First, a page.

Apart from human settlements, Floods are causing deaths in Assam’s wild too

Fifteen rhinos and a Royal Bengal Tiger were among 227 animals which have perished so far in the Kaziranga National Park.

Published: 19th August 2017 11:57 PM  |   Last Updated: 19th August 2017 11:57 PM   |  A+A-

In this Friday, Aug. 18, 2017 photo, the carcass of a tiger lies in floodwaters at the Bagori range inside Kaziranga National Park in the northeastern Indian state of Assam. | AP

Express News Service

GUWAHATI: As the second wave of the floods in Assam wreaks havoc, deaths were being reported not just from the human settlements, but from the wild too.

Fifteen rhinos and a Royal Bengal Tiger were among 227 animals which have perished so far in the Kaziranga National Park. With nearly 35 per cent of the park — perched on the banks of the Brahmaputra — still submerged, speculations arose that more animal carcasses were under water in the UNESCO world heritage site.

Park director, Satyendra Singh, told the New Indian Express that the animals died four to five days ago and the carcasses were in various stages of decomposition.

According to official sources, the deaths were caused by drowning. The drowned animals included 187 hog deer, two swamp deer, four elephants, four wild boars, one porcupine, two water buffalos, 11 sambars besides the Royal Bengal Tiger and the 15 rhinos.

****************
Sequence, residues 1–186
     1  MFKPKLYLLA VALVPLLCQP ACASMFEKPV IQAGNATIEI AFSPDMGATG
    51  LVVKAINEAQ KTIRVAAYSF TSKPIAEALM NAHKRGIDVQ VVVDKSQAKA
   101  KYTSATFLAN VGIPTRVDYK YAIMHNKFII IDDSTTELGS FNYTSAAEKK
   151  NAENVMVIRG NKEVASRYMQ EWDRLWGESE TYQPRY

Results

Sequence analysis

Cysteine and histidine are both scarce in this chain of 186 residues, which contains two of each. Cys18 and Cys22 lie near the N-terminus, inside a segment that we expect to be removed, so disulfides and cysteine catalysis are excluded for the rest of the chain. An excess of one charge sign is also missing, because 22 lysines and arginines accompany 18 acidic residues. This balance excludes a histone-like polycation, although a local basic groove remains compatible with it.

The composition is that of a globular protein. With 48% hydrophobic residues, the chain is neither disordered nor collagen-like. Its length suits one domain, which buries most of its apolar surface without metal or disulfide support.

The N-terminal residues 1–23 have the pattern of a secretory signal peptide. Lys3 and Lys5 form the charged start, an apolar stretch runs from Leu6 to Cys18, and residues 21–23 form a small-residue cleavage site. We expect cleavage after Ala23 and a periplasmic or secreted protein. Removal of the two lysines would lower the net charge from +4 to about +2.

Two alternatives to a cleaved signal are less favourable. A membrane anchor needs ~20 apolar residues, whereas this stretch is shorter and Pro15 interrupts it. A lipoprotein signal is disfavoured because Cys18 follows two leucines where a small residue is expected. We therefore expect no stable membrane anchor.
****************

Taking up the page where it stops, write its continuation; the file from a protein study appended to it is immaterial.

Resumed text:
Singh said, “These animals possibly died on August 14 and 15 when the water level had risen alarmingly. Searches were being conducted by the forest guards of all 78 camps. There are some forests inside the park which are virtually inaccessible and very risky for human movement but the forest guards are still trying to get inside them to assess the situation.”

Ruling out the possibility of more carcasses being under water, the park director said that they float. Stating that the deluge in 2012 had killed 793 animals, he said usually more animals die when a flood persists for a few days. The animals also die because of lack of food in the park, he said.

On rescue operations, Singh said only the animals which stray out of the park could be rescued and treated.

He said, “Animals inside the park can’t be rescued as it is a violation of the Wildlife Protection Act. We can rescue an animal if it falls sick, but we have to make sure it is freed in the wild. Calves cannot be rescued by separating them from their mother as that may cause their death.”

So far, 50 animals have been rescued by forest guards, who were assisted by a wildlife NGO and locals. While two rescued animals died under the care of Centre for Wildlife Rehabilitation Centre, 41 others were released after treatment.

Meanwhile, three more people died since Friday evening, taking the death toll to 63 – overall 145 this year. Over 2.21 lakh others are still affected in 16 of the state’s 33 districts.

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